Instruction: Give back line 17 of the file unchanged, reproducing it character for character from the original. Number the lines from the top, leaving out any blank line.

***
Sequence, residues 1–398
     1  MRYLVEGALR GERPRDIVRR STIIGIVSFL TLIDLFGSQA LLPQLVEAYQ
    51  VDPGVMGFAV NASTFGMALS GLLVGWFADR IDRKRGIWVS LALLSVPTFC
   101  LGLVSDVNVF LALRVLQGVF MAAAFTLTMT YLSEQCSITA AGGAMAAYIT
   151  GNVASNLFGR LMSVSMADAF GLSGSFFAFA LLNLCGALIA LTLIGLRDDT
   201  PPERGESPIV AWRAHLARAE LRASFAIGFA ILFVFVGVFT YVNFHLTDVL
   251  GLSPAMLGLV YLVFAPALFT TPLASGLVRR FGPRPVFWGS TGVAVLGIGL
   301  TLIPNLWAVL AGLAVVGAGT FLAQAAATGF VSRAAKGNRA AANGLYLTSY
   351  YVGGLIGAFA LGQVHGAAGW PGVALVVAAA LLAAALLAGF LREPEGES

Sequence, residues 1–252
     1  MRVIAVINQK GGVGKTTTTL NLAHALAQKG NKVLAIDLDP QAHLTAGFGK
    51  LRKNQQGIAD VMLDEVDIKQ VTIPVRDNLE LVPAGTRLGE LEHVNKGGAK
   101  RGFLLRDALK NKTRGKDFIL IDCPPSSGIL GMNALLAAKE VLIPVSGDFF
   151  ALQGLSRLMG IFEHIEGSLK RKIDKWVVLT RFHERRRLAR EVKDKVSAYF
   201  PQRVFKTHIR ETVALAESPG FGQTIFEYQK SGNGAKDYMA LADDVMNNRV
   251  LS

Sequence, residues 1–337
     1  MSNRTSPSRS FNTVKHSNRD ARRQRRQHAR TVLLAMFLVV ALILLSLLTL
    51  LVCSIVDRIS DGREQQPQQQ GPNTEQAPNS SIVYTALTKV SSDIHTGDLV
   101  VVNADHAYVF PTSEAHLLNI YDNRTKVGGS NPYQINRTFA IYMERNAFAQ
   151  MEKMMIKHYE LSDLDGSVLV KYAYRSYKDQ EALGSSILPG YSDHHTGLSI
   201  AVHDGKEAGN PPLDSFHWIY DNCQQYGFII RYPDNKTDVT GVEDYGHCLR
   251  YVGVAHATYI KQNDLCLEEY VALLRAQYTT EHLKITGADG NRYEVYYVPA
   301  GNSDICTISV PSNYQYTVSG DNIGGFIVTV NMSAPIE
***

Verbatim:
Sequence, residues 1–337